However, her first encounter with Depa took place in January 2022, when she said she became clearly aware that he was troubled.
“He would try to intimidate,” she told the Post. “But this school year it never got to the point where he became violent. “It was only verbal.”
She learned that Depa was particularly fond of playing video games and was sensitive to criticism of his performance in the classroom, often accusing her of “spying” on his school record.
On the day of the attack, the teenager was annoyed that he had to wait for other students to arrive before going to the cafeteria for breakfast. He told Naydich that he hadn't had dinner the night before.
After lunch, Depa went to his regular remedial class, where his main teacher generally allowed him to use his Nintendo Switch if he finished his work.
Naydich accompanied him to his next class, where there was a substitute. Depa pulled out his gaming console, which distracted some of the other students and caused them to demand that he put it away.
The teenager obeyed, but got it again towards the end of the period.
Naydich then texted his elementary school teacher and told her that it would be wise for Depa not to bring the console to the same class in the future.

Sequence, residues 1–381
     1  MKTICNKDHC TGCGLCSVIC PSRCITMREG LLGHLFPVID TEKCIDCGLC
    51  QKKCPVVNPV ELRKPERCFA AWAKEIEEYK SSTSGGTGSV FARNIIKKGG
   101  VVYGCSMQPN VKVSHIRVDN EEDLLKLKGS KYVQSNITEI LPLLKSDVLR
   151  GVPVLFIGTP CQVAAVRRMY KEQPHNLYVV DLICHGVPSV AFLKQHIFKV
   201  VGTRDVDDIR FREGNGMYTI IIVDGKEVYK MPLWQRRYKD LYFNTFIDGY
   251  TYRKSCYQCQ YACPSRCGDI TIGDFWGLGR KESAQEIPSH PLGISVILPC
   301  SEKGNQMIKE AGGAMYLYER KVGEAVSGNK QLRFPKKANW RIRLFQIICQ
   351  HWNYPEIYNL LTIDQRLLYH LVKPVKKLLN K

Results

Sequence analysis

“Unfortunately, I will carry many of my invisible injuries for the rest of my life,” Naydich recently explained. “I have no idea what closure looks like right now. 'I just want to be whole again'
When Depa returned to his regular classroom, he found that Naydich had informed the teacher about what had happened in the previous class when she raised the issue and became angry.
“That’s when he started insulting me,” Naydich said. “Slut. W**re. This and that.'
She grabbed her backpack and sweatshirt and prepared to leave the room when “the energy in there changed.”
Depa spat in her face as she walked to the door. When she turned to open it, he knocked her unconscious.
Nearly a year later, she still bears the physical and mental scars of the attack. Her speech is slowed and she often has problems with routine cognitive functions.
Doctors are trying to diagnose some of her symptoms.
“Unfortunately, I will carry many of my invisible injuries for the rest of my life,” Naydich explained.
“I have no idea what closure looks like right now. 'I just want to be whole again.'
Of her attacker, she said: “I want to make sure he can't walk the streets freely.”
Depa faces a prison sentence of up to 30 years. His sentencing will take place on January 31st.